Center Stage: Dr. Jo Lichten
Prologue: I met Dr. Jo about 5 or 6 years ago when she came to speak to the Illinois Dietetic Association. We ended up sitting next to each other at lunch and struck up a conversation. Dr. Jo is so easy to talk to and connect with! Whenever I see her at meetings like FNCE I feel like I’ve reconnected with a long lost friend. This interview will focus on Dr. Jo’s professional speaking career, but she has also written several books.
DR. JO: I’ve been a dietitian for a very long time . I wrote my first book, Dinin’Lean in Houston, in 1991 and I self-published it. When 5500 copies appeared on my doorstep (140 boxes!) my husband asked me how I was going to sell it. Ouch! I’d forgotten to consider that! After getting my book into every local bookstore, I called every group (ladies, Rotary, Chamber of Commerce, etc.) and offered to speak for free – and then schlepped my books to sell at the back of the room. After about 50 or more free engagements a woman came up and asked me if I do corporate programs. I said “of course” but that wasn’t true (I just a lot of self-confidence). Turned out this woman was the director of health at Compaq Computer Corporation. That first year I earned $26,000 in speaking fees from this company alone! And, many more companies followed.
MELISSA: Tell me a little bit about your speaking “niche” – what are you known for?
DR. JO: I inspire busy people to stay healthy, sane, and productive. Right now my top program is “Reboot Your Energy – how to stay focused, energized, and more productive.” I speak on way more than nutrition!
MELISSA: What do you enjoy most about speaking?
DR. JO: I love inspiring others to make healthy changes! It’s so gratifying. And, I have to say, too, that I enjoy getting paid 4 figures for an hour or so of speaking!
DR. JO: If you want to be a professional speaker, it’s important to get comfortable speaking in front of a group, promoting yourself, and asking for more money! A lot of time goes into speaking for 1 hour! And, a lot of experience so it’s not at all unreasonable to ask for 4 figures for one hour of speaking. But, probably more than this, like Gypsy Rose Lee used to sing - you’ve gotta have a gimmick! You’ve got to make the group salivate about your topic. Read magazine articles and listen to TV talk shows to learn how to make your topic sizzle. And, lastly, you’ve got to be interesting to listen to. So often dietitians come up to me and, in a monotone voice, they say, “I want to be a speaker.” Aaah, that won’t cut it at all. No one wants to listen to a monotone message. You have to be inspiring and your message has to sizzle!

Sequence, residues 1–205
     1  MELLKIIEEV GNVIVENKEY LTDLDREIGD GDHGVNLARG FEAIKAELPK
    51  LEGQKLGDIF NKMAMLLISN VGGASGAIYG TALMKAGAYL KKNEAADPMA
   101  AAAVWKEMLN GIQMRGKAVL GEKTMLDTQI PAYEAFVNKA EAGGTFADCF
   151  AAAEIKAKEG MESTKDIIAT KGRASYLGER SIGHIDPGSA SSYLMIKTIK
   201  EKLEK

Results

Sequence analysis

MELISSA: When it comes to speaking, what comes naturally for you and what do you have to work hard at?
DR. JO: Speaking in front of a group of people appears to come naturally, but it didn’t always. I was very shy, introverted when growing up – even in college. But at the age of 24, while driving 3 days from NY to TX, realizing how uncomfortable that made my life, I made believe I was outgoing. In other words I “faked it till I made it.” I’m still introverted, but eventually got comfortable speaking in front of a group of people. I didn’t plan on becoming a speaker, but I found that when I spoke and people listened and got inspired, I wanted to do it more and more. What comes hard for me? Hmmm. While I do promote my books in front of the group, I know I could do a better job.
MELISSA: What is your number one tip for other RDs who want to be better speakers/presenters?
DR. JO: Speak a lot – even if it’s for free. Keep each program (even if it’s an hour long) to just a few points. And, then practice telling a good story to illustrate each point. Stories are what differentiates professional speakers from ‘wanna-be’s’. Oh, and make these ORIGINAL stories – don’t take someone else’s!
DR. JO: Back about 20 years ago I was still asking for $250 or so to speak. I just couldn’t, just couldn’t ask for more. Then, I contracted hepatitis A (the food poisoning type). There’s not much you can do except take it easy so your liver can heal. But, that was no problem because all I wanted to do was sleep – 16 to 20 hours a day! I knew I was contagious for about a month so I just took care of myself – getting up periodically to get my daughter up (then go back to bed), pick my daughter up from school (then take a nap), then put her to bed (so I could get to sleep). You get the idea. So, one day I got a phone call from a woman’s group asking me if I would be interested in speaking to their group (next month). I said sure. When she asked me about my fees, I was soooo exhausted and I didn’t care if I ever worked again so I doubled my fee. And, she said, “That sounds great!” And, mind you, this was for a woman’s group! And how many times have we been told that women’s groups don’t have any money! Well, a few days later I got a call for another speaking engagement and I doubled my rate again (hitting 4 digits) and they said yes. By the time I recovered I had increased my speaking fee by 10X my original fee. While I do not recommend contracting hepatitis, I would highly recommend you raise your fee once you have enough experience. Just do it! But keep in mind that professional speakers don’t always get their asking fee. For example, I no longer do corporate lunch-and-learns – they can’t pay my fee. But conferences can – and so can corporate business retreats or sales meetings.
Epilogue: What an inspirational story! You can find out more about Dr. Jo and her activities on her website www.DrJo.com.
Would you like do more speaking engagements? What skills are you currently working on? What resources do you recommend?